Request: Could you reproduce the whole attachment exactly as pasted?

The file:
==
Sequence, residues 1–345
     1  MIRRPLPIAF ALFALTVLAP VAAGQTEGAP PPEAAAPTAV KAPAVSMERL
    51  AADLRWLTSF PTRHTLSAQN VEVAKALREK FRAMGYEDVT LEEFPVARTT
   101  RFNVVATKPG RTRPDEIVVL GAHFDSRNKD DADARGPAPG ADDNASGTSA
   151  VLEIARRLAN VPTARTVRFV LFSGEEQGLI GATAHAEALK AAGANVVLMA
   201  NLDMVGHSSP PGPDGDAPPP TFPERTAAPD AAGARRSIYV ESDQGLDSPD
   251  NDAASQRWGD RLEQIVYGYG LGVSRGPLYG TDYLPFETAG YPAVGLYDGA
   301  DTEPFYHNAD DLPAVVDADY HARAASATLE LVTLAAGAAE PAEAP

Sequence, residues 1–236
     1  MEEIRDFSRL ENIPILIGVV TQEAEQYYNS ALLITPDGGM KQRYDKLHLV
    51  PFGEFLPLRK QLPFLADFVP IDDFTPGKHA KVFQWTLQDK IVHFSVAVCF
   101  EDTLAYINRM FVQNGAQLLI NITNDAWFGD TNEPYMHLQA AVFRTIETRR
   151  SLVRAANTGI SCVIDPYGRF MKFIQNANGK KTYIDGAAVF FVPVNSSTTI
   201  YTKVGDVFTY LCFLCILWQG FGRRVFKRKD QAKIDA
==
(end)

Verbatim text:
Sequence, residues 1–345
     1  MIRRPLPIAF ALFALTVLAP VAAGQTEGAP PPEAAAPTAV KAPAVSMERL
    51  AADLRWLTSF PTRHTLSAQN VEVAKALREK FRAMGYEDVT LEEFPVARTT
   101  RFNVVATKPG RTRPDEIVVL GAHFDSRNKD DADARGPAPG ADDNASGTSA
   151  VLEIARRLAN VPTARTVRFV LFSGEEQGLI GATAHAEALK AAGANVVLMA
   201  NLDMVGHSSP PGPDGDAPPP TFPERTAAPD AAGARRSIYV ESDQGLDSPD
   251  NDAASQRWGD RLEQIVYGYG LGVSRGPLYG TDYLPFETAG YPAVGLYDGA
   301  DTEPFYHNAD DLPAVVDADY HARAASATLE LVTLAAGAAE PAEAP

Sequence, residues 1–236
     1  MEEIRDFSRL ENIPILIGVV TQEAEQYYNS ALLITPDGGM KQRYDKLHLV
    51  PFGEFLPLRK QLPFLADFVP IDDFTPGKHA KVFQWTLQDK IVHFSVAVCF
   101  EDTLAYINRM FVQNGAQLLI NITNDAWFGD TNEPYMHLQA AVFRTIETRR
   151  SLVRAANTGI SCVIDPYGRF MKFIQNANGK KTYIDGAAVF FVPVNSSTTI
   201  YTKVGDVFTY LCFLCILWQG FGRRVFKRKD QAKIDA